There are movies and television shows that I very much enjoy, but find very, very intense and this means that I have to take a break in the middle of them to engage with a purring cat or pace for 10 minutes or so before I can sit back down and get back into the (very engaging!) storyline.

Video games have this be somewhat less problematic for me. If the main villain gives a monologue in a movie before harming someone close to the protagonist, I have to go upstairs and get some ice cream. If it happens in a video game, I press X and get myself in position to kick some bee-you-tee-tee… that is, until I started playing LA Noire.

It’s a very different experience than other Rockstar games. In Red Dead Redemption, for example, you play The Outlaw John Marston. It’s fun to rob trains, get involved with the Mexican Revolution, herd cattle, and otherwise archetype it up. It’s a game about Manifest Destiny. It’s a game about the limitations of freedom. It’s a game about the caprice of frontier government. It’s a game about trying to make wrong things right.

Hell, in Grand Theft Auto IV, you play Nico Bellic. Eastern European (Croatian? Serb?) and looking to find the one who done him wrong… and, along the way, rob banks, spar with police, go out to dinner with your cousin Roman (maybe bowling!), and steal the occasional car. It’s a game about the futility of revenge. It’s a game about finding ecstacy in a world overflowing with existential dread. It’s a game about the importance of spending time with your family. It’s a game about how you don’t have to wait for the red light to change to go through the intersection.

LA Noire is different. For one thing, you’re Cole Phelps — a cop. Libertarian horror stories notwithstanding, the archetype does not really allow for the chaotic (even nihilistic) destruction of property the way that GTA IV and Red Dead practically demand. Sure, you *CAN* grab someone out of their car from the middle of the street and then crash it into a busy intersection… but it seems empty. The “real” story behind LA Noire does not involve a cop who does things like steal cars and then creates multi-car pileups. That’s something that you, the (a little bit jerky, to be honest) player is doing in opposition to the story the computer GM is trying to engage you with.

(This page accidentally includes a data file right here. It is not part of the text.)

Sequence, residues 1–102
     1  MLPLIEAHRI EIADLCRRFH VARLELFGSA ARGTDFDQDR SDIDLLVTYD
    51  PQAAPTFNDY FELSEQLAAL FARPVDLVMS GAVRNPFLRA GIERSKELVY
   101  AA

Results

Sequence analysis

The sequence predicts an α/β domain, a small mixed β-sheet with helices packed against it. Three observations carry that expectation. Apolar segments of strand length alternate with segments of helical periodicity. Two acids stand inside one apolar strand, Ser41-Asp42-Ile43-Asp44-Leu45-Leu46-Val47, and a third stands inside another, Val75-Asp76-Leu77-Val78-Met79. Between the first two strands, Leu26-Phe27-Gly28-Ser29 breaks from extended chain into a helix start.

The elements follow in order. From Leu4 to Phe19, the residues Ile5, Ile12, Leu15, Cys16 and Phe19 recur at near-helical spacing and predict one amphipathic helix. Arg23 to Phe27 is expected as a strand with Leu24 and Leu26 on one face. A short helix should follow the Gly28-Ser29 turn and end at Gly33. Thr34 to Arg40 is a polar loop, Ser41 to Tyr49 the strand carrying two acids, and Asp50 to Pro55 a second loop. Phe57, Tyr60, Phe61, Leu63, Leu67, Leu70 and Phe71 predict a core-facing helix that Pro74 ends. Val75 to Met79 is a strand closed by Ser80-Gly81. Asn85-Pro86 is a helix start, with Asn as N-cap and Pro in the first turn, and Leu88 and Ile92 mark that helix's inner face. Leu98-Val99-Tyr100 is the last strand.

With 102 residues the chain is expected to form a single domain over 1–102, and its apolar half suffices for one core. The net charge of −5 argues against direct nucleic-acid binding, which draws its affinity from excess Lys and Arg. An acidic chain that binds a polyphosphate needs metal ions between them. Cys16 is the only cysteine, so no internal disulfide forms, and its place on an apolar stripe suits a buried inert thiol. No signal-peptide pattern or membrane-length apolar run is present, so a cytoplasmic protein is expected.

You know, even as you throw passers-by on the ground, that this version of events isn’t the real one. You get the feeling that the “real” Cole Phelps would have a problem with failing to use turn signals, let alone be cool with the idea of cars as missiles. On top of that constraint, you are a detective investigating crimes. So there is a victim (who has already been created) and someone who needs to be “brought to justice”… but justice is little more than a holding cell. You see the evidence (and, more often than not, the body) and go from there to throwing someone in the clink. The victim remains dead. The criminal remains the criminal. Nothing feels like it’s accomplished. As such, it’s a game about the limitations of civilization to maintain itself. A little bit of knowledge of the last 40ish years throws the contrast between “nowish” and “thenish” into stark relief.